• Send/Request: Kids and parents can easily send and receive money all at the touch of a button.
  • Spend: Spend using Apple or Google Pay, or using the Copper Debit Card.
  • Withdraw: Access your money from more than 55,000 fee-free ATMs.
  • Monitor: Get a snapshot of all your child’s spending in an easy-to-read dashboard.
  • Save: Gain quick snapshots of your kid’s savings and helpful tips on how to save even more. Set up savings buckets and save for the things that you want.
  • Learn: With the help of Copper’s team of financial literacy experts, gain bite-sized tips on how you can maximize your money and prepare yourself for your financial future.

Copper is available to kids 6 years and older.

Read more in our Copper Banking review.

Related: Best Kid Debit Cards

3. GoHenry

gohenry signup acorns new
  • Available: Sign up here
  • Price: 1 month free, then $3.99 per child/month

GoHenry is a banking app for minors that comes paired with a debit card. You have an online account which comes linked to individual accounts for each of your children.

You can manage all of the money held in each account through the company’s app and online account portal.

Each child will receive their own GoHenry prepaid debit card for teens and family which comes paired with parental controls you can set for your children.

What’s nice about GoHenry is it allows you to spend only the money available on the card, meaning you don’t need to worry about costly overdraft fees or accruing debt.

You open a GoHenry account, receive your children’s debit cards in the mail 7-8 business days later and set up an automatic weekly allowance transfer into your children’s accounts.

You can set up one-off or weekly spending limits to keep your children’s spending in check. You can also block/unblock the card as needed, as well as choose the stores where your kids can shop.

With time, the controls provided by the app and the guidance you offer can help your kids to earn, save, spend and give with good money habits.

Learn more by reading our GoHenry debit card for kids review.

Related: GoHenry vs. Greenlight

4. Acorns Early ($20 Bonus)

acorns signup

  • Available: Sign up here
  • Price: Acorns Premium: $9/mo. (Required for Acorns Early)

Acorns is a signature financial wellness and micro-investing app targeting younger generations first starting on their financial journey. The app’s “Round-Ups” feature allows users to leverage their routine purchases to grow their investment account balances over time.

The service comes with an investment account, bank account, debit card and even custodial and retirement accounts, depending on the plan selected.

On the one hand, you can only invest in low-cost index funds; fortunately these are some of the best investments for teenagers who are learning how to invest money. By limiting your child only to these types of investment vehicles, you can avoid worrying about what questionable stock picks your teen might find online.

This app’s simplicity and powerful impact on improving people’s financial capabilities has converted millions of younger generations to users. It continues to power ahead, with thousands more joining by the day.

Learn more in our Acorns review.


5. Current

Current signup new

Current is a banking app designed for all families. The Current app allows you to track your teen’s spending in real-time, set limits on how much they can spend, and even block specific merchants.

You also get the peace of mind that comes with knowing their money is safe because it’s not cash. Plus, the company doesn’t charge any fees or interest for student accounts so there are no surprises when bills arrive.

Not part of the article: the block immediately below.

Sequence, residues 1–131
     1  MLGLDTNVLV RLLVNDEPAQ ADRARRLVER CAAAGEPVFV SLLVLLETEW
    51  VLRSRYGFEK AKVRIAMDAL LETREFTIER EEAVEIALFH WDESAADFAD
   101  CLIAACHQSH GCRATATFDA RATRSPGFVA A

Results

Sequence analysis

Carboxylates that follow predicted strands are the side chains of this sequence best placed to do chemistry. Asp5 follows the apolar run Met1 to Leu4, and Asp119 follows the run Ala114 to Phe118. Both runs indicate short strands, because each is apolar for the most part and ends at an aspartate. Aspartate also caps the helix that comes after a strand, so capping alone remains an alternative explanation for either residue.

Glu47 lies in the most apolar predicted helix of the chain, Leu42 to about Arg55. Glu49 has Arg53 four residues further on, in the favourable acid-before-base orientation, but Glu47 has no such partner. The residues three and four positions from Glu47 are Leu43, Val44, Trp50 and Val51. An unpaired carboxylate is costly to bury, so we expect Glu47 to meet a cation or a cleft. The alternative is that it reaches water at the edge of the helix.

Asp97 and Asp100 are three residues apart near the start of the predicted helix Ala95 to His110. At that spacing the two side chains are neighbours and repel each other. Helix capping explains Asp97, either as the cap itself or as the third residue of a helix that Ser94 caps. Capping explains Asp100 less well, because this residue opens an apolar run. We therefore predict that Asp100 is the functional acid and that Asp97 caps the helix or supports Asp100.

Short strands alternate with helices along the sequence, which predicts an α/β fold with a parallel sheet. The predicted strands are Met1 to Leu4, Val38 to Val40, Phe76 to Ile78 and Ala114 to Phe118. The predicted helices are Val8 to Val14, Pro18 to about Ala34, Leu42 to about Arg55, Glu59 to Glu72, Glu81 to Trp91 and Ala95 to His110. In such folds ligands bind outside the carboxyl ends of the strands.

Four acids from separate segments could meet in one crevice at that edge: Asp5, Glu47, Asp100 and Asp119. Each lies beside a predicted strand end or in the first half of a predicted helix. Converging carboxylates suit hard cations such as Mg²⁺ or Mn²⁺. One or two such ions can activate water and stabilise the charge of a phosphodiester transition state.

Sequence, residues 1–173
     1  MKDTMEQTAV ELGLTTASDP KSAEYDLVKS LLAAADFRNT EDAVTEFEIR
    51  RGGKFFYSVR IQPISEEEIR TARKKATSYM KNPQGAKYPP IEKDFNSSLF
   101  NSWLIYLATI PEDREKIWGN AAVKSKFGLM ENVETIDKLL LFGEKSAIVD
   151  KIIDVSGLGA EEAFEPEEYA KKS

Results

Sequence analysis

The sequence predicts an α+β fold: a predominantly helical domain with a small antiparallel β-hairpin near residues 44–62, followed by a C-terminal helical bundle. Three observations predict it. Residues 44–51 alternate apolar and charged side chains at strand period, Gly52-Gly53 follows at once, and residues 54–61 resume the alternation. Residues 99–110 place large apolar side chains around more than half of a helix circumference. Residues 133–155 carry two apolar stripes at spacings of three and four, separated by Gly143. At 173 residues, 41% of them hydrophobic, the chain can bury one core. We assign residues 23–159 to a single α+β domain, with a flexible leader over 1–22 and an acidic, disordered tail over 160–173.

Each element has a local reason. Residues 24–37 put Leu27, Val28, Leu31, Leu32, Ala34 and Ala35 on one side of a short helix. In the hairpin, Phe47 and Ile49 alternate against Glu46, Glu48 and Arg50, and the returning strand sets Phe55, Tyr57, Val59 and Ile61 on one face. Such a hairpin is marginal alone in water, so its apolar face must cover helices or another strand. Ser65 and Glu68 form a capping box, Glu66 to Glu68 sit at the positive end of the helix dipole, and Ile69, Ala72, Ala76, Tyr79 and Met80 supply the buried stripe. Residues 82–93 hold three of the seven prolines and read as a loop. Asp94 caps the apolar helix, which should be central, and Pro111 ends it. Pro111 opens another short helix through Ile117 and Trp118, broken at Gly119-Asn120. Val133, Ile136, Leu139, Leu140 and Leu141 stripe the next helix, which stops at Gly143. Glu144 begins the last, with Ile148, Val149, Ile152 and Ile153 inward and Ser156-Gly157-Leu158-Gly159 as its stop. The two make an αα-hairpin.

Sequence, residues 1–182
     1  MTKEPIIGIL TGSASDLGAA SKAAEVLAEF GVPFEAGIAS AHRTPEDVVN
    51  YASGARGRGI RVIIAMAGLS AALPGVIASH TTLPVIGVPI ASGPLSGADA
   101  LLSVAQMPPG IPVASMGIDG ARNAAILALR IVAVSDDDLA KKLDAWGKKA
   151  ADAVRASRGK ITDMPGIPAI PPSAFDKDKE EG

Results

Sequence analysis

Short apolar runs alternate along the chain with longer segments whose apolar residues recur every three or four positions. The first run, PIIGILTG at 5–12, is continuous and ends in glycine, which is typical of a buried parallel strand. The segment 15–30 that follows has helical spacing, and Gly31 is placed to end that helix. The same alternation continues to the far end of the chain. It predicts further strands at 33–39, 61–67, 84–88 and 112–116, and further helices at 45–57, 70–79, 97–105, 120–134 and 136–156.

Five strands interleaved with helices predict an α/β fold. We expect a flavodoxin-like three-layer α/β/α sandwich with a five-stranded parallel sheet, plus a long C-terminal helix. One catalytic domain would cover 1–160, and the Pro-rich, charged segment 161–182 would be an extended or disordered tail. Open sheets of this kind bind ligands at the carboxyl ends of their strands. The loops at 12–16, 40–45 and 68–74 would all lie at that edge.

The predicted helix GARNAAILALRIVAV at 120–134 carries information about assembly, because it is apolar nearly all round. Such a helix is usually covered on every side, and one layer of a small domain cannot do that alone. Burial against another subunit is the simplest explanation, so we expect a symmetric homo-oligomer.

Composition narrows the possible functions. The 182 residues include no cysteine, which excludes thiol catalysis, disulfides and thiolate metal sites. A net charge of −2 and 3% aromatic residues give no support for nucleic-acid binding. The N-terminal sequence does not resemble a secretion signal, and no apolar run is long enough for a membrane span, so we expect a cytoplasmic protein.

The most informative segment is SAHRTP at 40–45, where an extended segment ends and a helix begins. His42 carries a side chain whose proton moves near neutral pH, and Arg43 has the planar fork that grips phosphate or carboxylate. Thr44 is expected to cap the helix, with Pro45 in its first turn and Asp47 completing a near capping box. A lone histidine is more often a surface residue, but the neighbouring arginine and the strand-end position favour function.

Current helps parents teach teens financial responsibility while giving them a way to learn without having cash around the house and all its temptations.

That means less worry for both parents and kids! With Current, your teenager will be able to do everything from paying friends back to buying groceries at the store–all safely with only her phone!

And teens will have the opportunity to learn financial responsibility and budgeting from an early age. This will allow them to grow their savings and move one step closer to financial independence.

Read more in our Current review.


Personal Finance for High School Students

Personal finance has increasingly become a hot topic for teenagers and many schools have begun teaching it in a formal way.

You can take it to a more individualized level by not just letting school be where your teenagers learn how to practice personal finance skills.

Getting a first job, creating a budget, setting goals and priorities, establishing bank accounts and investment accounts for kids as well as tracking how they all perform become a core part of managing money wisely.

Consider using some of the teenage money management apps above to aid in this effort. Having everything organized and agreed to at the start will make the entire process far easier to handle and offer fewer surprises.

About the Author

Riley Adams is the Founder and CEO of WealthUp (previously Young and the Invested). He is a licensed CPA who worked at Google as a Senior Financial Analyst overseeing advertising incentive programs for the company’s largest advertising partners and agencies. Previously, he worked as a utility regulatory strategy analyst at Entergy Corporation for six years in New Orleans.

His work has appeared in major publications like Kiplinger, MarketWatch, MSN, TurboTax, Nasdaq, Yahoo! Finance, The Globe and Mail, and CNBC’s Acorns. Riley currently holds areas of expertise in investing, taxes, real estate, cryptocurrencies and personal finance where he has been cited as an authoritative source in outlets like CNBC, Time, NBC News, APM’s Marketplace, HuffPost, Business Insider, Slate, NerdWallet, Investopedia, The Balance and Fast Company.

Riley holds a Masters of Science in Applied Economics and Demography from Pennsylvania State University and a Bachelor of Arts in Economics and Bachelor of Science in Business Administration and Finance from Centenary College of Louisiana.